[xvii] Stephen Jay Gould, Letter to John S. Michael, Cambridge, MA, October 12, 1988, and Janet Monge, personal communication, 2013. Monge is the curator of the Morton Collection of Human Crania, who informed me that Gould never visited the skeletal collections at the Penn Museum where they have been stored since the early 1960s. Prior to that, they were stored at the Academy of Natural Sciences, which has no record of Gould viewing the skulls. Also Lewis (2011) wrote, “Gould did not measure nor personally examine the skulls in the Morton Collection—his argument was based on analyzing Morton’s measurements.”

[xviii] Donald Prothero, “Happy Birthday Stephen Jay Gould,” Skeptikblog, September 21, 2011., accessed 2012.

[xix] John S. Michael, “A New Look at Morton’s Craniological Research.” I measured 201 skulls, but the data for one are now lost. I suspect a sheet of my original notes slipped out during the ensuing 26 years.

[xx] John S. Michael, An Analysis of Samuel G. Morton’s Catalogue of the Skulls of Man and the Inferior Animals, Third ed., Based on a Re-measurement of a Random Sample of the Morton Collection of Human Crania, Unpublished Honors Thesis for the Department of Geology, Macalester College, May 1, 1986.

[xxi] Samuel G. Morton, Catalog of Skulls of Man and the Inferior Animals, (Philadelphia: Merrihew and Thompson, 1849), p. iii.

[xxii] Gould, “Morton’s Ranking of Races,” 504.

[xxiii] Michael, “A New Look at Morton’s Craniological Research,” 354.

[xxiv] Lewis, et al. “The Mismeasure of Science.”

[xxv] David DeGusta and Jason Lewis, “An Evaluation of Michael’s Analysis of Morton and Gould,” (Unpublished Paper, Undated circa 2011), pp. 1-2. I also made two additional errors on Table 4 of my 1988 paper which DeGusta and Lewis missed. The “Mexican Recalculation Sample” size is listed as 27 when it should be 26, and the “Mexican Recalculation Sample” mean should be 83.

[xxvi] The correct values are on page 16 of Michael, An Analysis of Samuel G. Morton’s Catalogue. In 1986, my research was documented in a 62 page undergraduate thesis. I then edited it down into a six page paper that was not reviewed by my thesis advisor, and so the errors in the1988 Current Anthropology paper are mine alone.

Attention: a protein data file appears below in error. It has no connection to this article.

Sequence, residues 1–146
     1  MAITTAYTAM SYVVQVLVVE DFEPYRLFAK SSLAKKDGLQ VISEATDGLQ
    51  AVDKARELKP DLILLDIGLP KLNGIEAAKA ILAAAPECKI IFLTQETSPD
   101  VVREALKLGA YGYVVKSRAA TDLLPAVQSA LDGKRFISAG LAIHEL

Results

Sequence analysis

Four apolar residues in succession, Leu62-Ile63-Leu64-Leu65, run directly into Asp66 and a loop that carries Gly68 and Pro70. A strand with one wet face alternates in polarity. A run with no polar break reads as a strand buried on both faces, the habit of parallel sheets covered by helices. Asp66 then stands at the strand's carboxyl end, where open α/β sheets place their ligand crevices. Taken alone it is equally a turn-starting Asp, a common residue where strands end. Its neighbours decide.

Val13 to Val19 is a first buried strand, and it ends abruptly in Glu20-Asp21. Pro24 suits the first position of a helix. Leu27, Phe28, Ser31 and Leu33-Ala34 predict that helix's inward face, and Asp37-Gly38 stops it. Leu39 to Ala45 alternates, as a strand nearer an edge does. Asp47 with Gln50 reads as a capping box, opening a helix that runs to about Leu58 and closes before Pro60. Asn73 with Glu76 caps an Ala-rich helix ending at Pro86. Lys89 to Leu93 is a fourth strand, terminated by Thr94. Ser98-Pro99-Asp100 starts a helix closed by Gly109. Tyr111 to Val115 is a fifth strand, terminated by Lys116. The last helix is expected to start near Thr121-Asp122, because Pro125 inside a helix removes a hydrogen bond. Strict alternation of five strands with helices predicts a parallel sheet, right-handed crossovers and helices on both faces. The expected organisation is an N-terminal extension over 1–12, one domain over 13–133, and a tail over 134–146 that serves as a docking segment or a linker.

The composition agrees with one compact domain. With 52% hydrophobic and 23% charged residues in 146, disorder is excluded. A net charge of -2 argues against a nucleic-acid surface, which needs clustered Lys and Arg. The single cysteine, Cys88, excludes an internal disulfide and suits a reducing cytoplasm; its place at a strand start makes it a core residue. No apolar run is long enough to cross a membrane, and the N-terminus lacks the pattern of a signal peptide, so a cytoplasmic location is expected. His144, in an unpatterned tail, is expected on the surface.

[xxvii] Lewis, et al. “The Mismeasure of Science.”

[xxviii] William Stanton, The Leopard’s Spots: Scientific Attitudes toward Race in America, 1815-1859, (Chicago: University of Chicago Press, 1960), p. 24-89.

[xxix] Gould, “Morton’s Ranking of Races,” pp. 503-509. Also, Gould’s dedication in The Mismeasure of Man (1981) which reads, “To the memory of Grammy and Papa Joe, who came, struggled, and prospered, Mr. Goddard notwithstanding,” appears to be a variation on the heading for the final chapter of The Leopard’s Spots which reads, “Notwithstanding Mrs. Grundy,” p. 192.

[xxx] Ann Fabian, The Skull Collectors: Race, Science, and America’s Unburied Dead, (Chicago: Chicago University Press, 2010), p. 16.

[xxxi] David DeGusta, “An Evaluation of Fabian’s characterization of Morton in the Skull Collectors,”, (Undated, circa 2010), p. 3.

[xxxii] John Jordan, Colonial Families of Philadelphia, Vol. 2, (New York: Lewis Publishing Company, 1911), pp. 1715-1717.

[xxxiii] G. Fitzgerald, Letter to Samuel George Morton, Clonmel, Ireland, April 13, 1823. At the time of this letter Morton was a 24-year old medical student at Edinburgh University, who during his four years of education there lived with his uncle James Morton, a successful merchant from Clonmel. The letter begins with “My Dear Sam,” suggesting a close relationship.

[xxxiv] Samuel G. Morton, Crania Americana: or a Comparative View of the Skulls of the Various Aboriginal Nations of North and South America, (Philadelphia: J. Dobson, 1839), p. 16.

[xxxv] Brace, “Race” is a Four Letter Word,” pp. 88-89.

[xxxvi] Stanton, The Leopard’s Spots, p. 118.